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Issue #1433      28 October 2009

A generation traumatised

Like many other children in the region, 10-year-old Hiba Hammad from the northern Gaza Strip witnessed atrocities by the Israeli army against the population of Gaza during its assault on the coastal strip last winter.

Palestinian civilians and medics run to safety during an Israeli strike over a UN school in Beit Lahia, northern Gaza Strip early on January 17, 2009.

 

Hiba’s smile returned only after four months of intensive psychological therapy at the Gaza-based Palestinian Centre for Democracy and Conflict Resolution.

“Thank God that Hiba returned back to normal after we almost lost hope of her recovering. Right after the war, Hiba kept silent, isolated, fearful of everything around her, especially strangers. But now she is getting much better as she scored 91 percent in the final exams of her school year. Moreover, she now smiles, socialises and even jokes, thank God,” said Hiba’s sister Ettaf, who lost her husband during the attacks.

Wearing a red dress, Hiba sat opposite to her therapist, Haniya Balousha, at the centre. It was her first visit there since her treatment was completed four months ago. On that day, Hiba received gifts to celebrate the end of her treatment and her recovery from post-traumatic stress disorder (PTSD).

Hiba described her trauma confidently and with a smile. “I saw on TV children being dragged from under rubble. From the roof of the house, I saw a tank dragging another [child], I also saw my three cousins’ martyred and mutilated bodies.”

Hiba merrily responded to her sister’s request that she tell us a joke. Hiba proceeded, “Once someone asked his friend, ‘Why is the ambulance parked next to the bakery?’ The friend answered: ‘In order to give first aid to the burnt bread.’”

Even her jokes reflect an ongoing problem in Gaza where Israel continues to periodically attack the Palestinian population. Parents cannot guarantee the safety of their children in the Strip.

Following last winter’s attacks on Gaza, Balousha explained that Hiba’s performance at school suffered while previously “she used to get high marks in her exams.” Balousha added, “Throughout our observation and treatment of Hiba, I noticed that she feared strangers, kept isolated and withdrawn. Hiba suffered [post-traumatic] stress disorder.”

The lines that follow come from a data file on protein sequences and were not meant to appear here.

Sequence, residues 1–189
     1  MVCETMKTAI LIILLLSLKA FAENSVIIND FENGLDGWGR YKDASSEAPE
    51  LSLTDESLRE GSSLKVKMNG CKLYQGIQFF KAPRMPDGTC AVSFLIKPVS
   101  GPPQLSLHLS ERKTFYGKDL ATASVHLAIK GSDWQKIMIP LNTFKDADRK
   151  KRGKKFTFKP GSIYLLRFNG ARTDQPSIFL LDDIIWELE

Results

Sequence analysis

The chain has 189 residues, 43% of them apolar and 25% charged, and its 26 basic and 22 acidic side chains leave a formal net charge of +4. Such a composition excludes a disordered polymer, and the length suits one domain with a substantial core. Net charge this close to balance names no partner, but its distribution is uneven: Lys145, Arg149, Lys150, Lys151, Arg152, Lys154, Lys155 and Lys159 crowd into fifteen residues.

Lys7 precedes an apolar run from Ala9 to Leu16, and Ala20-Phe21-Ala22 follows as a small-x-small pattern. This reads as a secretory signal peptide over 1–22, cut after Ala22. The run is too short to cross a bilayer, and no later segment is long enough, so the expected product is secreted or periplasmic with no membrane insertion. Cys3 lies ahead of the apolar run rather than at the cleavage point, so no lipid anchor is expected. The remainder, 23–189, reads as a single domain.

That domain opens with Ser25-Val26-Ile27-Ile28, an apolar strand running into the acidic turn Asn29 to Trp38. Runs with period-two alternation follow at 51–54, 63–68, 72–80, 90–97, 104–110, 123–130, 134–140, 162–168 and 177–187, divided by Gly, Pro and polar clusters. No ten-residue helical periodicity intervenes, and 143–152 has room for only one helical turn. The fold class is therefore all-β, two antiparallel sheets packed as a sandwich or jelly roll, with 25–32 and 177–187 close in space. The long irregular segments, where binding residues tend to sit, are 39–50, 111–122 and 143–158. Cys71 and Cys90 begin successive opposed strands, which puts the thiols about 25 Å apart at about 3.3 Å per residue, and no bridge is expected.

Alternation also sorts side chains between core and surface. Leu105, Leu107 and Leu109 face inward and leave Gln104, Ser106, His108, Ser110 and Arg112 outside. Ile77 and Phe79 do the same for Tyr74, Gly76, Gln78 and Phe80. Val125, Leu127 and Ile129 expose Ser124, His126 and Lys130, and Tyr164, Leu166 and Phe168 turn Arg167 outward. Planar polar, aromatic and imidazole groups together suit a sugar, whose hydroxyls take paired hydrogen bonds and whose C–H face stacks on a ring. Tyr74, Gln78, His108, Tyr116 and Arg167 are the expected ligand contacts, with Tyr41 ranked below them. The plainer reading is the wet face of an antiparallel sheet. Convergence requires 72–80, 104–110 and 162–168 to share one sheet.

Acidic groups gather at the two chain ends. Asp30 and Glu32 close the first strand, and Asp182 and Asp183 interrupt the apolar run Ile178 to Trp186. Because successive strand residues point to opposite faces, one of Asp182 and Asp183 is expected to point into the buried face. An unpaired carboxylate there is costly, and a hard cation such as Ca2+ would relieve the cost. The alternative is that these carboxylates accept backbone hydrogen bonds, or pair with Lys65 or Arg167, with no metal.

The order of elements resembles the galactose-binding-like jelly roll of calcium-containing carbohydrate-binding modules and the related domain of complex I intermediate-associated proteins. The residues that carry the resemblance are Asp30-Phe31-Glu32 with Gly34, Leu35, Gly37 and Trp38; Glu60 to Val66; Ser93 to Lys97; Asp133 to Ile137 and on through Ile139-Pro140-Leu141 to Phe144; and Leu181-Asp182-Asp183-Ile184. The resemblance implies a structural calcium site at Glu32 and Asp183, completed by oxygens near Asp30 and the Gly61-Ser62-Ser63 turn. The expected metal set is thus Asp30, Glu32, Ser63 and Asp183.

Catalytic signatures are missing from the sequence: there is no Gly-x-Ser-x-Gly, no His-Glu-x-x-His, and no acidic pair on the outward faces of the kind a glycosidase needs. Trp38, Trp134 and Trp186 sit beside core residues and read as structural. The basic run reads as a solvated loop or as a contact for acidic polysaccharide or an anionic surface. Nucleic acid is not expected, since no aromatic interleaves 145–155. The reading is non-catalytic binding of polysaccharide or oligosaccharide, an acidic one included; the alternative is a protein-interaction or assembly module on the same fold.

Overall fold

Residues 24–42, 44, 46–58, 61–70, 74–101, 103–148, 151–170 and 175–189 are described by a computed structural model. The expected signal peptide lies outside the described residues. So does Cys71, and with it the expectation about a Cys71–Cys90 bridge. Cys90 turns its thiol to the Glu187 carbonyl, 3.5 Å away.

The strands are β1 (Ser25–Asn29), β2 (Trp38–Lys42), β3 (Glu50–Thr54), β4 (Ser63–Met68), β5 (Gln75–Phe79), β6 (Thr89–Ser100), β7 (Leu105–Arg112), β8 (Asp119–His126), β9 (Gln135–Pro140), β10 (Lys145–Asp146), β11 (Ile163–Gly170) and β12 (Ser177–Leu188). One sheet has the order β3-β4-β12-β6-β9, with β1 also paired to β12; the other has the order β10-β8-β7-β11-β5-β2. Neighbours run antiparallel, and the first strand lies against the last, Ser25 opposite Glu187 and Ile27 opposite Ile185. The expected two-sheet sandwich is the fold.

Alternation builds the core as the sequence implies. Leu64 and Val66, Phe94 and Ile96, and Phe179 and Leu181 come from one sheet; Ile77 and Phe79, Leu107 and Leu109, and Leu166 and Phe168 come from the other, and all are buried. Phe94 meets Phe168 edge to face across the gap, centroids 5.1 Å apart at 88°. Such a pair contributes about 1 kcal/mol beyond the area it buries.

Balousha added that Hiba began to gradually respond to the treatment after three sessions, after which her self-confidence began to be restored. She described the means she used to treat Hiba: “In the beginning I used to encourage her to express herself by drawing what she had seen during the war. Then I asked her to inflate balloons and then pop them. At the beginning she appeared frightened of the balloons because they reminded her of the sound of Israeli bombardment and shelling during the war. But eventually she began to be responsive until she was totally recovered as you see [her now].”

According to Balousha, Hiba’s case is quite similar to the situation of many children in Gaza during and after Israel’s attacks. She explained that since the war came to an end in January, the centre treated more than 350 children suffering from PTSD.

Fourteen-year-old Yasser, who declined to give his last name, was also in a therapy session at the centre. Therapist Saed al-Sersawi explained that Yasser had witnessed the killing of his father in eastern Gaza City.

“Mr Saed teaches me how to express myself, he helps me to draw and write poetry sometimes. With his help I am feeling better now to the extent that my relations with [my environment] have improved, thank God,” said Yasser.

According to the Gaza Community Mental Health Program (GCMHP), more than 60 percent of Palestinian children in Gaza suffer PTSD symptoms.

The GCMPHP’s survey also shows that hundreds of children were exposed to white phosphorous fired by the Israeli army during the 22 days of attacks on Gaza.

Abdelaziz Thabet, who works with the GCMHP, said that exposure to white phosphorous has made the majority of children and parents in Gaza feel unsafe.

“The most common traumatic events still include hearing sonic booms from the jet fighters, hearing shelling of the area, witnessing mutilation on TV, deprivation from water or electricity during detention at home, [and] shooting by bullets or rockets or bombs,” Abdelaziz explained.

Asked what kind of treatment the GCMHP offers, Abdleaziz responded, “We are doing programs like school-based intervention such as role-playing or story telling. We have also reached the most-hit regions in Gaza, such as al-Attatra, Ezbet Abed Rabo and Zaitoun. According to our own assessments there are more than 45,000 children in Gaza who need mental health treatment.”

Figures from Palestinian and international human rights organisations estimate that more than 1,400 Palestinians in Gaza were killed by Israeli forces during last winter’s invasion, including more than 300 children. The three-week-long war also left approximately 6,000 others wounded, 4,000 houses completely or partially destroyed as well as hundreds of institutions and mosques.

According to Abdelaziz, the mental suffering children face will not disappear since “the majority of children fear the return of Israeli attacks to the region.”

Rami Almeghari is a journalist and university lecturer based in the Gaza Strip.

The Electronic Intifada

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